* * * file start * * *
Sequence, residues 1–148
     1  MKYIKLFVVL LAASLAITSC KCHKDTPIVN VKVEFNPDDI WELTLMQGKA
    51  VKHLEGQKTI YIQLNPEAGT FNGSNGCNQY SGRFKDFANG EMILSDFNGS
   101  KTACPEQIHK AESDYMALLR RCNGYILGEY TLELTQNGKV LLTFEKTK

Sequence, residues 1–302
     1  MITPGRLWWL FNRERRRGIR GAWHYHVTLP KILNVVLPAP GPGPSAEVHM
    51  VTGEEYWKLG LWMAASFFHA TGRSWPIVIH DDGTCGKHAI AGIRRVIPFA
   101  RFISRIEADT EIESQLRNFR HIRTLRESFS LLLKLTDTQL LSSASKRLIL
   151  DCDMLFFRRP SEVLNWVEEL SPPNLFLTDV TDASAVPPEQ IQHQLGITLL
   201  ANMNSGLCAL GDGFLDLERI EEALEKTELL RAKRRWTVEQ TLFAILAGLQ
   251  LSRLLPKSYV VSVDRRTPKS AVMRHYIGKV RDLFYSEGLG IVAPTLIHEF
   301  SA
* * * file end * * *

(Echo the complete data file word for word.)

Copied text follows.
Sequence, residues 1–148
     1  MKYIKLFVVL LAASLAITSC KCHKDTPIVN VKVEFNPDDI WELTLMQGKA
    51  VKHLEGQKTI YIQLNPEAGT FNGSNGCNQY SGRFKDFANG EMILSDFNGS
   101  KTACPEQIHK AESDYMALLR RCNGYILGEY TLELTQNGKV LLTFEKTK

Sequence, residues 1–302
     1  MITPGRLWWL FNRERRRGIR GAWHYHVTLP KILNVVLPAP GPGPSAEVHM
    51  VTGEEYWKLG LWMAASFFHA TGRSWPIVIH DDGTCGKHAI AGIRRVIPFA
   101  RFISRIEADT EIESQLRNFR HIRTLRESFS LLLKLTDTQL LSSASKRLIL
   151  DCDMLFFRRP SEVLNWVEEL SPPNLFLTDV TDASAVPPEQ IQHQLGITLL
   201  ANMNSGLCAL GDGFLDLERI EEALEKTELL RAKRRWTVEQ TLFAILAGLQ
   251  LSRLLPKSYV VSVDRRTPKS AVMRHYIGKV RDLFYSEGLG IVAPTLIHEF
   301  SA